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Bids received for Great River Bridge

By Erin O'Connor

Staff Writer

WESTFIELD Construction is nearing on the Great River Bridge Project announced Mayor Richard K. Sullivan, State Senator Michael R. Knapik and State Representative Donald F. Humason Jr. on Nov. 14 after three companies submitted proposals for the project.

The project calls for the construction of a new three-lane structure to be constructed parallel and east of the current Great River Bridge, that will carry northbound traffic. The existing bridge built in 1939 considered an historic structure, will be rehabilitated to carry three-lanes of southbound traffic on Routes 10 and 202.

In addition, the current overpass for the CSX Railroad would be heightened to provide for a clearance of 14.5 feet to allow for smoother flow for truck traffic.

The lowest bidder was identified as J.F. White Contracting of Framingham with an amount of $54,740,943.85. The Massachusetts Highway Department will take the next few weeks to review the proposal and start drawing contract agreements. Officials expect that site preparation and demolition may begin this winter.

"We literally have been working on this for 12 years," Sullivan said. "For the last 50 years we knew the bridge over the river was a priority."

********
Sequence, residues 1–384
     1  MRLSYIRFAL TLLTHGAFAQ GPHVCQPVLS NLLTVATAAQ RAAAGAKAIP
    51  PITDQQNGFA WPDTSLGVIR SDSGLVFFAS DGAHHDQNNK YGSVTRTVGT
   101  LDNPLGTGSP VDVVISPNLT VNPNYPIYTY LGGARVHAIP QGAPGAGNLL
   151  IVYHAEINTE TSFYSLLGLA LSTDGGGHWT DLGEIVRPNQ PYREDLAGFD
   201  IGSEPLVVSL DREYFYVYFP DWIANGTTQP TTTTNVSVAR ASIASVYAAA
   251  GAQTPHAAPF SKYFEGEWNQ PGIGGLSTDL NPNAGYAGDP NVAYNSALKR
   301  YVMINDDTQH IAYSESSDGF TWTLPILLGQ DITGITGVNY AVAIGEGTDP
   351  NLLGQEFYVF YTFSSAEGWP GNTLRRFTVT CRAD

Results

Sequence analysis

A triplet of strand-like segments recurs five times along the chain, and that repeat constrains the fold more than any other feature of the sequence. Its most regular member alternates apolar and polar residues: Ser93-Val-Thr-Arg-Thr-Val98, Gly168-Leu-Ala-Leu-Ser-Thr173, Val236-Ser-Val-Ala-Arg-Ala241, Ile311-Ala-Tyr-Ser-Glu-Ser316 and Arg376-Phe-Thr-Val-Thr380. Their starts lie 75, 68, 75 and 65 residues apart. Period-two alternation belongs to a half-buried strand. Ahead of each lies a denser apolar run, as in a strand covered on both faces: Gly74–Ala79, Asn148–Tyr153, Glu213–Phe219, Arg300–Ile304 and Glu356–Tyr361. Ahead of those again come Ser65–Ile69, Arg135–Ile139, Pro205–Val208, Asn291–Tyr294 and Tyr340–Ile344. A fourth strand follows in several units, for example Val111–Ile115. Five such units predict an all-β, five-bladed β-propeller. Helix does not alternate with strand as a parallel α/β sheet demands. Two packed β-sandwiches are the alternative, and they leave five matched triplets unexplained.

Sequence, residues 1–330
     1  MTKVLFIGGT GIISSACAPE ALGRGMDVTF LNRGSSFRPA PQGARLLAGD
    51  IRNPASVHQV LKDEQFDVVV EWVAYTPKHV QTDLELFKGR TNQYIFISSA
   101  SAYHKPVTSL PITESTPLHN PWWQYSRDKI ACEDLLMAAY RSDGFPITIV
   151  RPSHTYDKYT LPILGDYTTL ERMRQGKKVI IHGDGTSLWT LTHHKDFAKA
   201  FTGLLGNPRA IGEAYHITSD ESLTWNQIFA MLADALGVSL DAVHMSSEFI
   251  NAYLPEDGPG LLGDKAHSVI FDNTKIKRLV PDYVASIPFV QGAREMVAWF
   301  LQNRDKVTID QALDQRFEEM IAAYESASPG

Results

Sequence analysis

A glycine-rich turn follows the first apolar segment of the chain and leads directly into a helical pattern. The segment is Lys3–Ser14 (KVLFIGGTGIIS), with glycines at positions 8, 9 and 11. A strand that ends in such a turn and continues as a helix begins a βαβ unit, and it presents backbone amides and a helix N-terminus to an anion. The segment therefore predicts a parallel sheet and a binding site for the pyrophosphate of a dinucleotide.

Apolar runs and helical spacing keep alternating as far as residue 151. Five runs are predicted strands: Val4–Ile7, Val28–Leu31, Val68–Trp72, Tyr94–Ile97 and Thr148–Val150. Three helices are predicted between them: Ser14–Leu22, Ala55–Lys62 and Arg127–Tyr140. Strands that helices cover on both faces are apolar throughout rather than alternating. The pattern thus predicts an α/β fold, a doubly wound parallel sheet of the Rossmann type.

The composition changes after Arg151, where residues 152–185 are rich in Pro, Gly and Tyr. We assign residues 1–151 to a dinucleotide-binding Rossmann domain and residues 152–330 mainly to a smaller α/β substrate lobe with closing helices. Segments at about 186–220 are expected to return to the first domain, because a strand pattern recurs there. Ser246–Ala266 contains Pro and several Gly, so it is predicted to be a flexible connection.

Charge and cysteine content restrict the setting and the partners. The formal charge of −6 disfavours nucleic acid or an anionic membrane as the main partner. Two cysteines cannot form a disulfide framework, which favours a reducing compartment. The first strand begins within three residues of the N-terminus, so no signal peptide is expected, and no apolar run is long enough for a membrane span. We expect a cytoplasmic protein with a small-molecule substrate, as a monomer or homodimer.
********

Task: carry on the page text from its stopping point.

Knapik said that the project is an example of a long involvement between government officials and planning.

"Involvement began in 1992, half a generation ago," Knapik said. "There was large discussion to improve Westfield's transportation infrastructure. I am very pleased we have received outstanding support from the Secretary of Transportation John Cogliano, and everyone at Mass Highway to ensure this project leaves an indelible impact on our efforts to make Westfield's infrastructure work for the next 50 years."

"It is no secret that traffic has increased in the city over the past several years and I am hopeful this project will contribute to an alleviation of the pressure we have seen along our downtown corridor," Humason said.

The bridge project is the result of a combined effort from the Massachusetts Highway Department, the Federal Highway Administration and several city departments. It was officially announced on Sept. 25, 2005.

"It has gone from an $8 million bridge replacement to a $54 million bridge rehabilitation project," Knapik said. "In the MassHighway scope, money was very scarce especially after the Big Dig, opening a critical element in seeing construction begin."

Knapik said millions have already been spent in the design element of the bridge plans.

"We are very excited," Sullivan said. "It is a great transportation project in the community for appearance and for the mindset of the public. The bridge and the river are an aggravation everyday and now will be a pleasant trip, with a natural view of downtown."